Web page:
Plant of the Week: Iris

Named for the Greek word for rainbow, Iris look stunning planted in clusters in a perennial garden or as a large patch in the garden. Best of all, Iris are deer resistant! Two of the more popular varieties are the Bearded (or German) Iris and the Siberian Iris.

Bearded Irises are known for their large, ruffled flowers and broad, swordlike foliage. They come in a multitude of colors and average 2’-3’ tall.

Siberian Irises bear smaller flowers than the Bearded variety, but in just as many colors and in larger quantities. Their foliage is more grass like and it’s mounded shaped adds interest even after the flowers had faded. Siberian Irises average 2’-4’ tall.


All Irises need full sun, at least 6 hours per day.

While highly adaptable to a variety of soil conditions, Irises do best in moist, well-draining soil with a pH of 6.5-7.0.

Fertilize in spring once new growth begins to emerge with a slow-release flower fertilizer, like Dynamite, or with an organic flower fertilizer like Dr Earth Total Advantage.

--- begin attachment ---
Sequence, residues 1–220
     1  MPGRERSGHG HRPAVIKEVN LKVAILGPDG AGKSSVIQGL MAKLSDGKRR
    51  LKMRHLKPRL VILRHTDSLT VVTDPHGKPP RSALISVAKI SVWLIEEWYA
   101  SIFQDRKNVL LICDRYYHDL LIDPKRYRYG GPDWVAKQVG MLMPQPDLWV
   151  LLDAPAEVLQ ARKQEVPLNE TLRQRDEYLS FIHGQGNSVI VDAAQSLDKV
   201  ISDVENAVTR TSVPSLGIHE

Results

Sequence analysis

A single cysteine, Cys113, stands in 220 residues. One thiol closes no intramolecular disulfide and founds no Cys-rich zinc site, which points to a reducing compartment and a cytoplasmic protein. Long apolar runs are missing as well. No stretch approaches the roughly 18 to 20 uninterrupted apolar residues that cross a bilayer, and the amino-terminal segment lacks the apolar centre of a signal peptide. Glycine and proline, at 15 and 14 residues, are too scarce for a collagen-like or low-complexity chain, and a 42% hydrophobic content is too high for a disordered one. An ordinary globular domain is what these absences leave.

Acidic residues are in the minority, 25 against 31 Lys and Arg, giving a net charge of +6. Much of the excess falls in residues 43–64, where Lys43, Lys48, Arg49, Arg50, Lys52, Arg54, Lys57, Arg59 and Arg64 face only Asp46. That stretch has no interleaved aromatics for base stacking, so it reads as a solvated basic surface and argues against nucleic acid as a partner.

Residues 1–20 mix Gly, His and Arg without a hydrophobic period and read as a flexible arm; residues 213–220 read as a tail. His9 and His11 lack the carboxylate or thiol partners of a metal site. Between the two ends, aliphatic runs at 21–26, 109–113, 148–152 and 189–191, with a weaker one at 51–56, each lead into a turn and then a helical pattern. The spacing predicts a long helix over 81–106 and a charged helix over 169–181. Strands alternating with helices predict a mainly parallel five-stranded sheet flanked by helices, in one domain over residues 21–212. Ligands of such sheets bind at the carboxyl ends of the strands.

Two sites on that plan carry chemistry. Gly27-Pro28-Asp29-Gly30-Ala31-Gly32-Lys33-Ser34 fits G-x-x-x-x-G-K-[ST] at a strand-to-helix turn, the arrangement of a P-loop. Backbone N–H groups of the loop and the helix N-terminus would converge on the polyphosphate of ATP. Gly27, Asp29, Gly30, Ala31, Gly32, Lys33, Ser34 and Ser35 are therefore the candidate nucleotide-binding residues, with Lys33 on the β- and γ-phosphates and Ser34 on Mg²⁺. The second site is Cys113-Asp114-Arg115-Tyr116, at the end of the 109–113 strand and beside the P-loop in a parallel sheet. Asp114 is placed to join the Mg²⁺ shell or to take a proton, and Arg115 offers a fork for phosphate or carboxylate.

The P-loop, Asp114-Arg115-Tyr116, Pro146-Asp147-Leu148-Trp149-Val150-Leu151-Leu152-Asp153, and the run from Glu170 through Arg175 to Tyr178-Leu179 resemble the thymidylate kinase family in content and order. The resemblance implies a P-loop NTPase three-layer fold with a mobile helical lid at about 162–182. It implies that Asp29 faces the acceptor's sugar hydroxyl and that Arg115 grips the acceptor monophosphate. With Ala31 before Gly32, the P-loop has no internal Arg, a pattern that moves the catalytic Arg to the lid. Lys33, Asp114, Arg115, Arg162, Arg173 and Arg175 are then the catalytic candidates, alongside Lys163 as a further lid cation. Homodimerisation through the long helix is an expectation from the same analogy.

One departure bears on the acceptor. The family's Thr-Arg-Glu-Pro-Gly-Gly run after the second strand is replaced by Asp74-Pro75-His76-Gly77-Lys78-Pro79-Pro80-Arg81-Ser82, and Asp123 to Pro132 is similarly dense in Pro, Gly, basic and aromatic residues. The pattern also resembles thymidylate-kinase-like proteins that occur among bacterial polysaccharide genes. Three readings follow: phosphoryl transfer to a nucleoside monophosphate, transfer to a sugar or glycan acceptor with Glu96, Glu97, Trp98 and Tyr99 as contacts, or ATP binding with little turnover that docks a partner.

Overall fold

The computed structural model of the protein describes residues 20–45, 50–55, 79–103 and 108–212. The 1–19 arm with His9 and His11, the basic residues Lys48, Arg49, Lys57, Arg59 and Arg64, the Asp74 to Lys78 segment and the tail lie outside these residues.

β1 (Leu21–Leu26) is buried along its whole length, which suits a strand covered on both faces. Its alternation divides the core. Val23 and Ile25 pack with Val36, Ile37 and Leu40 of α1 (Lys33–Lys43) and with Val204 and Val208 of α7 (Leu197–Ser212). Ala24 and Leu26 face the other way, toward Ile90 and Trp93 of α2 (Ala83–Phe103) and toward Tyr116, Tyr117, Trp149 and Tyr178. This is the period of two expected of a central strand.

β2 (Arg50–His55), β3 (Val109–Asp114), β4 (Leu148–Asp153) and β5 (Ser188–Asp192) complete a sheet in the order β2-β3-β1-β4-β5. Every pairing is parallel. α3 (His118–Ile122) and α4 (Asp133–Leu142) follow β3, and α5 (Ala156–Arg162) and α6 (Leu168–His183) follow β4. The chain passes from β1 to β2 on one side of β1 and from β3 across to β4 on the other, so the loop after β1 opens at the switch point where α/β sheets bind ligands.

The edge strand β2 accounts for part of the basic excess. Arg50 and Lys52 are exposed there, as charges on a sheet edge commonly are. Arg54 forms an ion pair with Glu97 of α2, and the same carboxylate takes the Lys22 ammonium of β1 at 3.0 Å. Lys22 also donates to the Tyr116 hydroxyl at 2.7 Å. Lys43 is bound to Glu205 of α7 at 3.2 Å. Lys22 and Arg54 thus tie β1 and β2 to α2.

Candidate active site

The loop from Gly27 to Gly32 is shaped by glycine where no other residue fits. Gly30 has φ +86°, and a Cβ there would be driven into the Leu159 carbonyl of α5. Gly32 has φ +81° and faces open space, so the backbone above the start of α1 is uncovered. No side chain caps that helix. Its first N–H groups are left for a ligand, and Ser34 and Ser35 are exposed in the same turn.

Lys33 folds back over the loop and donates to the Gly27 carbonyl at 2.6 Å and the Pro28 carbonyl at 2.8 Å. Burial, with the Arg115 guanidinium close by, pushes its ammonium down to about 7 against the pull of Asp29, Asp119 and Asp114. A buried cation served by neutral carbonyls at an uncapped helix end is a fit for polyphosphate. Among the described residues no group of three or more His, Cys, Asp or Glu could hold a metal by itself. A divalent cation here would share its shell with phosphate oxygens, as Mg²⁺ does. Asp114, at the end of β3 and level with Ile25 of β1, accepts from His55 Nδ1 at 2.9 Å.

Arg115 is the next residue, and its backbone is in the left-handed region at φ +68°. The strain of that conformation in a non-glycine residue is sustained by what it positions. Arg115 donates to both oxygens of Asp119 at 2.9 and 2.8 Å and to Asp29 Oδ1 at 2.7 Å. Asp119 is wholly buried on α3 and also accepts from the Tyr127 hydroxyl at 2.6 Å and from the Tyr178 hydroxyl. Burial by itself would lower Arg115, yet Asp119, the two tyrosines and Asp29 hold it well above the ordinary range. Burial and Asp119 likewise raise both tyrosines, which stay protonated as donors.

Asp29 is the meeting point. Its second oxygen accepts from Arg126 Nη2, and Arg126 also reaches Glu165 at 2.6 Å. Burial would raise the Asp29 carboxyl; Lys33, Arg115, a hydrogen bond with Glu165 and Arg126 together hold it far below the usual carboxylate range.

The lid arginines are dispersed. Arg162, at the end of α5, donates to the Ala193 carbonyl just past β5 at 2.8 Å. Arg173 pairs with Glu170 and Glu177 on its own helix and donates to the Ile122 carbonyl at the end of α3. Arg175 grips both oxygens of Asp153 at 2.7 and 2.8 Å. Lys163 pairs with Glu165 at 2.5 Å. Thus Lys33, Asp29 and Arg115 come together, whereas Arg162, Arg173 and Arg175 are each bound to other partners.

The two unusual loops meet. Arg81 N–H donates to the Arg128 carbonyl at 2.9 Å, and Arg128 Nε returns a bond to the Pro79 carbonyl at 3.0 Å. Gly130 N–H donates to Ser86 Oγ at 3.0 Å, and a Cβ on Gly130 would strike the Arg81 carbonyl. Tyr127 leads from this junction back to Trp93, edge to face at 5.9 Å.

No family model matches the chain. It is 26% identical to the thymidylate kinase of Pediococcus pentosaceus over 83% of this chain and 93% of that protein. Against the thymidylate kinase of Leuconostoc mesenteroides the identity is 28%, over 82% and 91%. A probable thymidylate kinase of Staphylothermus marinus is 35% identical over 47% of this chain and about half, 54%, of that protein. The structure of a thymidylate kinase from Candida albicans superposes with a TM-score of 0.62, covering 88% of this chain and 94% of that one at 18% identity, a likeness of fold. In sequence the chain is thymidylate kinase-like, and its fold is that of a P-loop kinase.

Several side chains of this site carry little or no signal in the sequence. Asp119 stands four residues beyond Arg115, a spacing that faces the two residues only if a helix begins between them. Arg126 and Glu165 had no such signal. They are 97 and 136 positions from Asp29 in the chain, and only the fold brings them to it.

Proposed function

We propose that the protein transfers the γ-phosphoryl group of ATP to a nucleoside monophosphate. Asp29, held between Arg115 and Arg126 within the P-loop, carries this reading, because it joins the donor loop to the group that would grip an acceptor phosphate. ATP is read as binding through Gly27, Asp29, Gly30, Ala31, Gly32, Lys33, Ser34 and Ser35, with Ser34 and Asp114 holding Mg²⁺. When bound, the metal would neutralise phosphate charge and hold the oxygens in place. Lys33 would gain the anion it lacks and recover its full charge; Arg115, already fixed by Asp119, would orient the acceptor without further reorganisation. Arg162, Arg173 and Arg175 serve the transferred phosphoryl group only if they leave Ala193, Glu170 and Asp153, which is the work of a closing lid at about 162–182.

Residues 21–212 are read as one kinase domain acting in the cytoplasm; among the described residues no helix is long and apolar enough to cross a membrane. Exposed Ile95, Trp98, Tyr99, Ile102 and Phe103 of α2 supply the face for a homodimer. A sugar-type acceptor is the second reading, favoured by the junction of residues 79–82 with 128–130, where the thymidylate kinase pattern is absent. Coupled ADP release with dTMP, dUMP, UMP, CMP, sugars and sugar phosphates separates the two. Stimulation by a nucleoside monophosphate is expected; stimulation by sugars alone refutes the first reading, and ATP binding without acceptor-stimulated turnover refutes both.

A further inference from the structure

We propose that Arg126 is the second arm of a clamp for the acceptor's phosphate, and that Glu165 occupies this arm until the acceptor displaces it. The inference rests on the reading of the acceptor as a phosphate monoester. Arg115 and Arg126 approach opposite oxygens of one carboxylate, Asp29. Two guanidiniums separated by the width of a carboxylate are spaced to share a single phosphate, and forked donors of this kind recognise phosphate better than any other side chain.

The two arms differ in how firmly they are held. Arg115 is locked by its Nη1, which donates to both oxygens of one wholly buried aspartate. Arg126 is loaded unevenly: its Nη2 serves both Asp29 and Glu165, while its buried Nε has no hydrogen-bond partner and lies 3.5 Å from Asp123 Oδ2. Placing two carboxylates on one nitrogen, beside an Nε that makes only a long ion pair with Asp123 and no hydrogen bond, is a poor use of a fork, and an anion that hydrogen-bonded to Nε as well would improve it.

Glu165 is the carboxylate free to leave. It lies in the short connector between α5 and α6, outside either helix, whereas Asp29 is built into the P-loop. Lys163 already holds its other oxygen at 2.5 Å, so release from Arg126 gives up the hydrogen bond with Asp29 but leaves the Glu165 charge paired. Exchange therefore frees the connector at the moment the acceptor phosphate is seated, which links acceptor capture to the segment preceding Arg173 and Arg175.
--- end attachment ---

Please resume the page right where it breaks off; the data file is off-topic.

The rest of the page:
Some of our favorite varieties:

Halston Iris

Halson – A deep purple Bearded Iris, Halston is a shorter variety averaging about 2 feet tall at maturity.

Savannah Sunset Iris

Savannah Sunset – A bright orange Bearded Iris, Savannah Sunset averages about 3 feet tall.

Caesar’s Brother Iris

Caesar’s Brother – This Siberian Iris bears rich purple flowers and blooms profusely. The foliage averages about 2 feet tall but the flowers will reach about 3 feet during blooming.

Yellow Flag Iris

Yellow Flag – A cheerful yellow Siberian Iris that is the perfect addition to ponds. Averages 3 to 4 feet tall.

Tectorum Iris

Tectorum – This low growing eyes has striking light purple flowers. It averages `1 to 1.5 feet at maturity.